In 2014, prior to the 2014 World Cup in Brazil, an obscure Melbourne band from Coburg released a catchy dance number which was a musical tribute to the iconic French footballer Zinedine Zidane.
The lyrics, for those who haven’t heard the tune, listed the names of most of the players who have achieved distinction in the sport, from all over the world, all spoken in rhymed verse over a dance beat.
The little known band was Vaudeville Smash, and they had the bright idea of approaching the voice of Football in Australia, Les Murray to recite the Litany of the foreign sounding names of star players. Thankfully Les agreed and the band’s recording thanks to Les and the entertaining video clip that accompanied it, was a You Tube smash and one of the better World Cup recordings ever made.
That song praised Zidane but this week the tributes and praise have flown for Murray who sadly passed away early in the week after a long illness aged 71. The many tributes have come from colleagues that worked with him at SBS, in the football media in general, from players, coaches, clubs associations and from politicians with calls to give his a state funeral.
Many of the tributes rightly point to his work as a great ambassador and promoter of the game in this country. His work with SBS did much to broaden the appeal of the game during a period when it was trying to gain a foothold in the mainstream sporting landscape of this country. His weekly programmes such as the World Game, and his pilgrimage every four years to another corner of the globe for the World Cup were instrumental in bringing the game into the living rooms of the mainstream.
PHOTO: Vaudeville Smash Twitter
Other commentators who knew Murray well have told of how he was a proud supporter of immigration and of refugees ( as he and his family were political refugees from Hungary arriving in 1957).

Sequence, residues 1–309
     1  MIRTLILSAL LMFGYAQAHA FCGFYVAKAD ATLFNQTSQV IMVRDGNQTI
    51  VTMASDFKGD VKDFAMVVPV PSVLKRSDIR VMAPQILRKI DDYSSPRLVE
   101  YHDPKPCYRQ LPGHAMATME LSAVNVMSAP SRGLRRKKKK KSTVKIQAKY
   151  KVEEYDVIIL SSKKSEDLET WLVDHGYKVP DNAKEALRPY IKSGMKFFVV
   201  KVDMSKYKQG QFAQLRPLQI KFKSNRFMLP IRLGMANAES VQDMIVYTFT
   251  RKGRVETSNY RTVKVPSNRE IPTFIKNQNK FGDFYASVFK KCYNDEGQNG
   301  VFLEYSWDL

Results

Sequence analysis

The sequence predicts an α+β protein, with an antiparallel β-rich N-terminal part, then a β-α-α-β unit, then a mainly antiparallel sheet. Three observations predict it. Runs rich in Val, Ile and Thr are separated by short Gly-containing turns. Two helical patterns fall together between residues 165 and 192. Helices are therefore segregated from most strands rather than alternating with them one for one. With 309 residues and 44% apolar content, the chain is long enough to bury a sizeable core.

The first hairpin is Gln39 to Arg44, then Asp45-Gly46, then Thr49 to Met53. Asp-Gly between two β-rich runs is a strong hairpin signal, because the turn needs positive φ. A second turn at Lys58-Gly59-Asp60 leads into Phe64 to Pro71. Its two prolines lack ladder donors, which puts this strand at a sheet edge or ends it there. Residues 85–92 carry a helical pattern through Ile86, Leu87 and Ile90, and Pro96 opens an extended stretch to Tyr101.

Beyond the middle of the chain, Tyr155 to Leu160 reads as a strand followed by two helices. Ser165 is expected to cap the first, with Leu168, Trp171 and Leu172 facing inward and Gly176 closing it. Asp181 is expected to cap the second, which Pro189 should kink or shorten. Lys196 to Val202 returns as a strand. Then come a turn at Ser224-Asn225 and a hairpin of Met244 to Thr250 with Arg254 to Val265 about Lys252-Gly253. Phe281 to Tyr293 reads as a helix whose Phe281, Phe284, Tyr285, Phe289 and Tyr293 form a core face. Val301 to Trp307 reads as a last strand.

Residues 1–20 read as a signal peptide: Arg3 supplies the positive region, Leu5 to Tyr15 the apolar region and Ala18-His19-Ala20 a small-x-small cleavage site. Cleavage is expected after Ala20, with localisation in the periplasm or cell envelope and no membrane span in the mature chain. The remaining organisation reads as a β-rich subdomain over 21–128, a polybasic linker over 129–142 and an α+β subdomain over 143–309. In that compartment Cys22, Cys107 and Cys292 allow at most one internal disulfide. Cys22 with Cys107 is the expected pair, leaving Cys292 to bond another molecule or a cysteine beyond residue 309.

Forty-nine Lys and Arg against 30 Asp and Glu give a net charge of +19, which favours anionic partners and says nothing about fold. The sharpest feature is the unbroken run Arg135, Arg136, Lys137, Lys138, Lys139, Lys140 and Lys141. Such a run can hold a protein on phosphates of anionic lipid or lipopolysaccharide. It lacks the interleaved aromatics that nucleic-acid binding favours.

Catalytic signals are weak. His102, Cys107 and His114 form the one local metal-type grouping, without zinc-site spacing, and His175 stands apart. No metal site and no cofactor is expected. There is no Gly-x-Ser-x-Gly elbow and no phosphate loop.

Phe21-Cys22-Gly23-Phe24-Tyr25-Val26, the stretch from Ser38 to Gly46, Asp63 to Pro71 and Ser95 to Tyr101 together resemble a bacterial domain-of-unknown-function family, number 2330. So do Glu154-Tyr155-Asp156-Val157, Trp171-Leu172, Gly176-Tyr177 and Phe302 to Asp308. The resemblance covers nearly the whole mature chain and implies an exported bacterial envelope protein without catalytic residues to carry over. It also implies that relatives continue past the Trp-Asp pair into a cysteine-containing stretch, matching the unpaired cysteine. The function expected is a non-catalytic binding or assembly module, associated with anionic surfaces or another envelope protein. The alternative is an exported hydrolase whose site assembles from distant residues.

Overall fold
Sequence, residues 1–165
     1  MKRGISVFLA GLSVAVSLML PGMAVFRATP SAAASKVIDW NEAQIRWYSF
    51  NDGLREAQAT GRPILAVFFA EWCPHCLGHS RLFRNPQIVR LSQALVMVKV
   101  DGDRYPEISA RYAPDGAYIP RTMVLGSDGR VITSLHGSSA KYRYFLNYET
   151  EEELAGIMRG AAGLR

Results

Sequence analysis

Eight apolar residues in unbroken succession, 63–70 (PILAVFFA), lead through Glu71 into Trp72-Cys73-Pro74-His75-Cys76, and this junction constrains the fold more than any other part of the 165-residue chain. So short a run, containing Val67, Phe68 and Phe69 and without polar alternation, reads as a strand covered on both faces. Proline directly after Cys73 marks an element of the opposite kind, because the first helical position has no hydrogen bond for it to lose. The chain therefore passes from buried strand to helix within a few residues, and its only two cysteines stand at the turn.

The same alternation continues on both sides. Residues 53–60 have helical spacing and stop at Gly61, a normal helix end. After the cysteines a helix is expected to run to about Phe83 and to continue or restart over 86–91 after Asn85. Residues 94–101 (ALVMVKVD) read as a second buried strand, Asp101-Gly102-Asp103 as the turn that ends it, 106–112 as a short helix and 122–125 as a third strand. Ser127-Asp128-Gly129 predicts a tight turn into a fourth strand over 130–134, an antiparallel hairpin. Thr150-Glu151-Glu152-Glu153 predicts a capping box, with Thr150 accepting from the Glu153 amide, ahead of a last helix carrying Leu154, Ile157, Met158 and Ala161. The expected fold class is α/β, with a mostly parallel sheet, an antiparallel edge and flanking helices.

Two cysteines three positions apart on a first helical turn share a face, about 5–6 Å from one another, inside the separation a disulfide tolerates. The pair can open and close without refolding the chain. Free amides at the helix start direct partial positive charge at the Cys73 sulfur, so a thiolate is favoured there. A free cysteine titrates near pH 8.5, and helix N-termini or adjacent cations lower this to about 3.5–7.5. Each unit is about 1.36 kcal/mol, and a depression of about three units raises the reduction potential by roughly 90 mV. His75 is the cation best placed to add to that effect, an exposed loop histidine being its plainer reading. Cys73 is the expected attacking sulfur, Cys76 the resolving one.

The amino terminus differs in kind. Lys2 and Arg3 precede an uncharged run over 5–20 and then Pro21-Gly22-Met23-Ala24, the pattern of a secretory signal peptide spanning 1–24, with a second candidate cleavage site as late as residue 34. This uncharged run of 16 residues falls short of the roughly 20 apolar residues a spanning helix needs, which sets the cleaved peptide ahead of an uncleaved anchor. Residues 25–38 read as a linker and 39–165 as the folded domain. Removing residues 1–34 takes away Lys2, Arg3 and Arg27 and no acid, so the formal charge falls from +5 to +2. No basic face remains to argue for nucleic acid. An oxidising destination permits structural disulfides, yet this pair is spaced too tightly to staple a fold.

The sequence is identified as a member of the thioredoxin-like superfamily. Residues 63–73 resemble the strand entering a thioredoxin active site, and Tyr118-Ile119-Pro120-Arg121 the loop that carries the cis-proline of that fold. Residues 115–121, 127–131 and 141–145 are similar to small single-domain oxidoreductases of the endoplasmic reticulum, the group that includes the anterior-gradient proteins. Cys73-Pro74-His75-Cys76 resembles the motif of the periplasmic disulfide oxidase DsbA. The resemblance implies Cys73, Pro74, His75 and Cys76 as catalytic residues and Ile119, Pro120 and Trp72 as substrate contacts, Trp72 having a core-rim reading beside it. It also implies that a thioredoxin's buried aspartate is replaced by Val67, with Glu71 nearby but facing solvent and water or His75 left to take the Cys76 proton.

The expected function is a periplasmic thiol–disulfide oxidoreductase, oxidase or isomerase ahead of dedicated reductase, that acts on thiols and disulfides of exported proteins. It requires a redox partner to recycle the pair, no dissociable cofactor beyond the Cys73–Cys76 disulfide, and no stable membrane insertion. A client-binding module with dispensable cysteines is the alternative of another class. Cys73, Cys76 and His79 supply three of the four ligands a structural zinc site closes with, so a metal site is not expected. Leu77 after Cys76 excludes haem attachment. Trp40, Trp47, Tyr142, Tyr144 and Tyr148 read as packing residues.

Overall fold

Murray was close to another former Hungarian immigrant who made good, former FFA chairman Frank Lowy who also expressed his sorrow and paid a heartfelt tribute to his friend Murray.
“We both arrived in Australia in the 1950s.
We both brought with us a love of football. Football was our common cause.
He was one of its most loyal sons and never lost faith in the beautiful game, or its potential in this country. As such he was an invaluable ally and adviser to me, and a tireless promoter of the game.”
Former work colleague at SBS, Andy Paschalidis was grateful for Les’s guidance and support early in his career. In his tribute on roar.com he wrote “ Les was easy to work with. A mentor to so many. His door was always open, his opinion highly sought….Yes , there were many great memories of those ten years at SBS. They were golden years at a time when multicultural Australia and football were entwined. In amongst that was a Hungarian refugee from the outskirts of Budapest who would make football fashionable with the masses.”
I was never lucky enough to meet Les Murray, but I remember as a student journalist, interviewing him by phone for a story on Australia joining the Asian Confederation. I had approached SBS more in hope, requesting an interview with Les, not expecting to hear back. I could hardly believe it when I got a call from his secretary at SBS telling me that Les would shortly join me for the interview. I was so excited and he was so generous with his time and support.
His voice, with its distinct tone and accent, will long be remembered as the voice of football in this country, much like Richie Benaud’s voice is with cricket, and Jack Little’s was with wrestling back in the late 60s and 70s.